Ethics and Leadership Panel Gives Architecture Students Plenty to Ponder
(L–R) Mimi Sullivan, executive director of the School of Architecture; Mallory Scott Cusenbery, architecture faculty and guest speaker; Jeff Oberdorfer, guest speaker and Jennifer Asselstine, B.Arch director. Photo by Bob Toy.
On Nov. 9, while rain drummed on the roof of the atrium at 601 Brannan Street, Academy of Art University architecture students listened to a compelling discussion about the importance of design and building practices that support social equity. School of Architecture Executive Director Mimi Sullivan moderated the event and introduced the presenters: guest speaker Jeff Oberdorfer—a housing, urban design and sustainability consultant—and School of Architecture instructor Mallory Scott Cusenbery, who is also a design principal at Ross Drulis Cusenbery.
Both architects provided examples of how working closely with community members, listening to and understanding their needs, and finding creative ways to engage them throughout the design process, yields positive results.
Oberdorfer, who said he’s always believed architecture should benefit the public, described getting his feet wet in participatory design as a young architect living in Cambridge in the early ’80s.
“On one block, there were very wealthy people in three-story Victorians and a block over was Somerville,” he said. “Back then, it was a very poor neighborhood with lots of people who didn’t interact with each other. One day, I was sitting in my apartment looking at the blank wall of a market that needed repairs and painting, wishing that somebody would do something about it. All of a sudden, it clicked in my mind, ‘You’re an architect—why don’t you do something about it?’”
Oberdorfer came up with a mural design for the wall that replicated the colors, proportions and style of other houses on the block. He entered it in a design competition and won. He then hired neighborhood teenagers to paint the mural. But before they could begin, he got his first taste of dealing with government bureaucrats. The employment agency funding the project wanted to bring in art students from Boston to paint the mural. Oberdorfer eventually convinced them that this would be a mistake.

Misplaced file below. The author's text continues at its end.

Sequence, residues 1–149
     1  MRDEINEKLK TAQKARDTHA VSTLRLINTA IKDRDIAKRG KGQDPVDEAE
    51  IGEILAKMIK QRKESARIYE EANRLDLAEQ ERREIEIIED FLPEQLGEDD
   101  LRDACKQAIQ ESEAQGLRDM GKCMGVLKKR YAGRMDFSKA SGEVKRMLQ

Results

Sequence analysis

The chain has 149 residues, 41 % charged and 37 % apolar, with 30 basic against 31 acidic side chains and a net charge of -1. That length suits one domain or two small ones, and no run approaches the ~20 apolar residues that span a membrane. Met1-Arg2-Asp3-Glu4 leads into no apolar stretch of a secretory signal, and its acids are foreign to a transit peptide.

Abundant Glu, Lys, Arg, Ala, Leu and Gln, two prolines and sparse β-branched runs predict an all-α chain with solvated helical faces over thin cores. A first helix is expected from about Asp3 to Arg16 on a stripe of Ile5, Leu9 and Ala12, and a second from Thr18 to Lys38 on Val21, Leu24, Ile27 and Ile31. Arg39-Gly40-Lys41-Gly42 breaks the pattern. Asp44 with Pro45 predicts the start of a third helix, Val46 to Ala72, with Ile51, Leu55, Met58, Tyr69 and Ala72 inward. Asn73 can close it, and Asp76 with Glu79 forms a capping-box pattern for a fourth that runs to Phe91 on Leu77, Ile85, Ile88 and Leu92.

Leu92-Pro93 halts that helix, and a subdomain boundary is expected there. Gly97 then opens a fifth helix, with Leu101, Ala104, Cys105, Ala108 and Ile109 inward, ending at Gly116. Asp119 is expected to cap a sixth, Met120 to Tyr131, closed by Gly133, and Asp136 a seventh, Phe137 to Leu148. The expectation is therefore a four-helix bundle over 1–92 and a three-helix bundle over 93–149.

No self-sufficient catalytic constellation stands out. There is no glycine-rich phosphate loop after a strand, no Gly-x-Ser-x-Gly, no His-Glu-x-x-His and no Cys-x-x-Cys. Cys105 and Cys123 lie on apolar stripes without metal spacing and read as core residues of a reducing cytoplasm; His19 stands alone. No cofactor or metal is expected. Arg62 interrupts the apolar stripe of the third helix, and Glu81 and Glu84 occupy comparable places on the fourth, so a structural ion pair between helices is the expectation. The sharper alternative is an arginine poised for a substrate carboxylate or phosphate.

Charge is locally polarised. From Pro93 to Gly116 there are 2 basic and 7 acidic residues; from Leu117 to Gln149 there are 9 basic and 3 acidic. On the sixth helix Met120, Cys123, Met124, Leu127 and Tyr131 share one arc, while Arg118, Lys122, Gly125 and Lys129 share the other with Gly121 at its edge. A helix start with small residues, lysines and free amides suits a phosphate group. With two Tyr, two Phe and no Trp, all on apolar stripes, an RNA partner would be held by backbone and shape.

Knowing that the rest of the neighborhood was watching them, the local teens were inspired to do their best work. The project garnered awards and also provided the young painters with more work. In addition, it taught Oberdorfer some key lessons about participatory design.
Guest speakers Mallory Scott Cusenbery and Jeff Oberdorfer present during recent School of Architecture ethics and leadership panel. Photo by Bob Toy.
“First, these kinds of social issues come up in any community project,” he said. “Second, I think architects need to go out and start projects on their own. You can’t just wait for clients to show up.”
Cusenbery started his presentation with some equally sound advice. “Sometimes the best thing an architect can do is to be a little bit less of an architect,” he said.
He described a planning meeting with Beats, Rhymes and Life, an Oakland organization that offers alternative hip-hop therapy for teens that took an unexpected turn. When he asked the youth involved with the project to choose words from a long list he’d helped them create to come up with a mission statement, they greeted him with blank stares. But their attitude changed when they broke into a spontaneous freestyle session. The end result was a mission statement that reflected their strong sense of ties to their community and their ambition.
Cusenbery and his team used the mission statement to guide them throughout the design process. The new headquarters includes elements like a long, open therapy room that lets the teens see all the way through to a window that faces the community. One part of the room has high ceilings and a skylight where they can “reach for the sky,” their phrase for describing their ambition.
“The attitude for designing this project wouldn’t have come to us had we not gone this participatory route,” said Cusenbery. “We wouldn’t have thought of it as architects sitting at our desks.”
At the end of the presentations, Sullivan read questions submitted earlier by students and faculty, and also took questions from the audience.
When asked about the relationship between social equity and sustainable development, Cusenbery replied that the same principles underlying the approach to sustainability in the environment can also be applied at the social level. “If you start out with a more level playing field where everyone’s voice is heard, design can emerge organically out of the community and have a better chance of being more sustainable.”